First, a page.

So a few days ago, Governor - sorry, President Obama gave an interview to a Wisconsin television station where he criticized, you know, Governor Scott Walker. He said what the governor is doing is, in many ways, a quote - assault against unions, assault on unions. And many people interpret that as President Obama trying to make nice to unions to try to shore up his union base.

Not only that, you know, some people in the Obama administration helped mobilize Organizing for America, Obama grassroots movements, to call out people, urge people to...

CONAN: Steve Greenhouse, stay with us, if you will. More on this in just a moment. You're listening to NPR News.

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CONAN: This is TALK OF THE NATION, from NPR News. I'm Neal Conan.

Wisconsin was the first state to give public workers collective bargaining rights five decades ago. Three-quarters of states eventually followed.

Now, a new proposal in Madison would roll back many of those rights for Wisconsin's public workers, and several other states appear ready to move ahead with legislation of their own to cut pay, benefits and pensions and limit bargaining power.

Governors, including Wisconsin's Scott Walker, point to large deficits and say they have no choice. Union workers argue they're being targeted for political reasons.

What should we expect from public employees in this state financial crisis? Our phone number is 800-989-8255. Email us, talk@npr.org. You can go to our website. That's at npr.org. Click on TALK OF THE NATION.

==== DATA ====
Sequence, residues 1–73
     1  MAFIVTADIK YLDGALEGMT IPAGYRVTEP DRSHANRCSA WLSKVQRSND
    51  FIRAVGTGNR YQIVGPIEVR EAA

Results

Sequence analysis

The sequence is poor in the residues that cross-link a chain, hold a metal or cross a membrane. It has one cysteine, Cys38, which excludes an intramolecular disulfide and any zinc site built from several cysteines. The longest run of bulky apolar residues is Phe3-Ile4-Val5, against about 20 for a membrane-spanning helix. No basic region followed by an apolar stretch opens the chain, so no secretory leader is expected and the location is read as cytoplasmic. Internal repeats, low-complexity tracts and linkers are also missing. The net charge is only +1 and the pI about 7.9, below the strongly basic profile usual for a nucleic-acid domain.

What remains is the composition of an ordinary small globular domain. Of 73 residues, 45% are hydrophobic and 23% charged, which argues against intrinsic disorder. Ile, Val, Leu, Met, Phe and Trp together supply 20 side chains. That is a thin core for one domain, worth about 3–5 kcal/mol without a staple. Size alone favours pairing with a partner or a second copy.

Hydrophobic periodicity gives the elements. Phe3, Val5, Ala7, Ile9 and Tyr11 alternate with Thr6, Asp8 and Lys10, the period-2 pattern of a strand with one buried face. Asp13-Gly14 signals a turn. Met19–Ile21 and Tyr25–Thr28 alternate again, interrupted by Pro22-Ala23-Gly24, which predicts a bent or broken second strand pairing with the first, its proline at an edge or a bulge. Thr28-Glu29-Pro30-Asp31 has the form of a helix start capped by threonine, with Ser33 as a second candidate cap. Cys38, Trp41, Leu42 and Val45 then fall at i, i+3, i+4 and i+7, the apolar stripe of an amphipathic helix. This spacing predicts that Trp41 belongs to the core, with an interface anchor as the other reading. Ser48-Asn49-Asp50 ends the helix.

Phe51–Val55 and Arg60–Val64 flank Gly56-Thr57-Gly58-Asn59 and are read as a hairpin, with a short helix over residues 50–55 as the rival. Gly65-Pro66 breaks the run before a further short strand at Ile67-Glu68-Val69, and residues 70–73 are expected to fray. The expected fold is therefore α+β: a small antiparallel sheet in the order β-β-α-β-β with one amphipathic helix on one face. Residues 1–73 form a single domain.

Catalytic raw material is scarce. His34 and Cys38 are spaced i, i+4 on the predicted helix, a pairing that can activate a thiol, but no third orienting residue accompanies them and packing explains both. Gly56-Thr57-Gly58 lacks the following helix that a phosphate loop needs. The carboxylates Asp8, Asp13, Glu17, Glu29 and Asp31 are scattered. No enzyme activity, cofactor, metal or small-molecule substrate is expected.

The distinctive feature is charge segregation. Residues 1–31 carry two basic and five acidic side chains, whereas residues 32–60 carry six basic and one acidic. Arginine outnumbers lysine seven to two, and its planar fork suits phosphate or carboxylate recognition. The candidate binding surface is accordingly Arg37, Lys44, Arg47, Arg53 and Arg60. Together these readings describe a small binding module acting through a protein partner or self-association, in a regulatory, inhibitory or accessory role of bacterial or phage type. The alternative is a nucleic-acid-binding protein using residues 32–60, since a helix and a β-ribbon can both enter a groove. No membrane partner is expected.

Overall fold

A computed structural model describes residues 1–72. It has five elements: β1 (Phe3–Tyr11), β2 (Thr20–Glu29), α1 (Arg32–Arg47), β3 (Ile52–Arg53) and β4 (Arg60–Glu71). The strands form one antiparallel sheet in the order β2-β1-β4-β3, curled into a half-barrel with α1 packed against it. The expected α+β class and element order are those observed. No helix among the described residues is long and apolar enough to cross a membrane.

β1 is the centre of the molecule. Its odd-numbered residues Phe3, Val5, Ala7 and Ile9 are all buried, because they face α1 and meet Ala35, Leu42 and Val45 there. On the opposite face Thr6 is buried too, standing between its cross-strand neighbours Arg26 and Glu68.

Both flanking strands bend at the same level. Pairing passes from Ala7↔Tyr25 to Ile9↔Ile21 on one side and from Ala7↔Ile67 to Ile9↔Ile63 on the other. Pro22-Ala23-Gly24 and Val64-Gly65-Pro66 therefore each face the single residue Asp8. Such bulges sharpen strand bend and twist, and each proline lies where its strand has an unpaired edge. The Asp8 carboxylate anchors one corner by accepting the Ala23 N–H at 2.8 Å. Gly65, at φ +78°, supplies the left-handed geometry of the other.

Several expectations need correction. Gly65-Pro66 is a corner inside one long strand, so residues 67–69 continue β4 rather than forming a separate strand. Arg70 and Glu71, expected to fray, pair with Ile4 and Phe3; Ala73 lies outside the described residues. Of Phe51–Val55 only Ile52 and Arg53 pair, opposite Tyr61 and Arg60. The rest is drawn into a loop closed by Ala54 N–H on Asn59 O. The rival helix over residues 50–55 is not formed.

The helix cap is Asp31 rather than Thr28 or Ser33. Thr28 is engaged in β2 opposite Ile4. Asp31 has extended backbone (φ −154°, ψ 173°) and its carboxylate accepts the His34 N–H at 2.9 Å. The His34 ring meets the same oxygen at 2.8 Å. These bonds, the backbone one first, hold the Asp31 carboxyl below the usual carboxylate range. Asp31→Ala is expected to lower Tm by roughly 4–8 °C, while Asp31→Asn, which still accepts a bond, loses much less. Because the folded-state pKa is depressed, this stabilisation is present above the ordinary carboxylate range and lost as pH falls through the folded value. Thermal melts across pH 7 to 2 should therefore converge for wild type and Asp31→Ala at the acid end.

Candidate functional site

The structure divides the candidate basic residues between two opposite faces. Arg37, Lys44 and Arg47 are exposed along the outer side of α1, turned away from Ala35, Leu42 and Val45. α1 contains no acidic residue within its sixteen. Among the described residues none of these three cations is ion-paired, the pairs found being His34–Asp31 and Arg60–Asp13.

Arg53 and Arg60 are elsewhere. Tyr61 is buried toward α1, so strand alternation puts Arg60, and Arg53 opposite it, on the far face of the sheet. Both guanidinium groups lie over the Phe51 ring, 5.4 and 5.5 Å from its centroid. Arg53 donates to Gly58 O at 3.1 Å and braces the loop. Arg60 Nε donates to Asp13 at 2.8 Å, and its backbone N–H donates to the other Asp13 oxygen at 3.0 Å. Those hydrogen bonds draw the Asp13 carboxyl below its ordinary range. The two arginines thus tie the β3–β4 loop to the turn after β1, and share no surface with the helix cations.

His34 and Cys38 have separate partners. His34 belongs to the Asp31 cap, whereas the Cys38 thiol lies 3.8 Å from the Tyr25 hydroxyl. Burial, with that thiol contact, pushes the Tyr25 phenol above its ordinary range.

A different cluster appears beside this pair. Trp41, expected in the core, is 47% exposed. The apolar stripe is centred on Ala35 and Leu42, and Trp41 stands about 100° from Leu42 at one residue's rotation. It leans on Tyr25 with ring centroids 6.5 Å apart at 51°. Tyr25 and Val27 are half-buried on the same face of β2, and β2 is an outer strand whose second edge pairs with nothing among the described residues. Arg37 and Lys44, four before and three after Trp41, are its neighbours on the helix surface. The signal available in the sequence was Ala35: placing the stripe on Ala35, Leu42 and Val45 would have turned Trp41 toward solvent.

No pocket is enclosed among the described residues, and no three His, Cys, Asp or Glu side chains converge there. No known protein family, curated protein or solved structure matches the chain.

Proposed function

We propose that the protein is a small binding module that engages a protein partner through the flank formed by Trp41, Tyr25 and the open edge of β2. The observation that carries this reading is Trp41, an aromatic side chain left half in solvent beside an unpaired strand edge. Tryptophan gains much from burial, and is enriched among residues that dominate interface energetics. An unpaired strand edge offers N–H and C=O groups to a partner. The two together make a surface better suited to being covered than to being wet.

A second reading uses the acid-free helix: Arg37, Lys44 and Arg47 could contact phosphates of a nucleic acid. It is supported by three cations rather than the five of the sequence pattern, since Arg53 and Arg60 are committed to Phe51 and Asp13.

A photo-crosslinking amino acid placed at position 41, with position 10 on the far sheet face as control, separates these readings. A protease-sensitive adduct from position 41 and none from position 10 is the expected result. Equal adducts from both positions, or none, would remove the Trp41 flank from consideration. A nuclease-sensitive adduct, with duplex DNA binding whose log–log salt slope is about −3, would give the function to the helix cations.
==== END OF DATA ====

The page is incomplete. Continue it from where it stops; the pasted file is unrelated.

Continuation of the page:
With us by phone from Madison is Steven Greenhouse, labor and workplace correspondent for the New York Times. And joining us now is John(ph), John's calling us from Milwaukee.

JOHN (Caller): Hi, Neal, thanks for taking my call. I'm calling because I'm actually on my way to Madison for the rally right now. I was a member of the graduate students' union at UW Milwaukee, when I was doing my master's degree. I have a lot of friends and family who are UW system educators: professors, faculty, academic staff. And from their point of view, they don't have a problem taking the pay cuts, paying more for their health insurance.

I'd also like to point out, I didn't hear this mentioned before, they have already taken substantial pay cuts in the term of state-mandated furlough days. So that, I mean, that amounts to another huge chunk out of their salary.

But they're willing to do that, and I think that they recognize, their unions recognize that they're going to have to make that sacrifice. But it's about these rights. It's about the fact that without the collective bargaining rights, it really hobbles the only major big-money forces in the Democratic Party to counter the corporations on the Republican side. So that's why I'm headed to Madison to protest.

CONAN: And how long are you willing to stay there on this principle?

JOHN: Absolutely, I'm willing to stay there. I've been there for several days already this past week, and I'm going to keep coming back as long as I can.

CONAN: As long as you can, so however long it takes.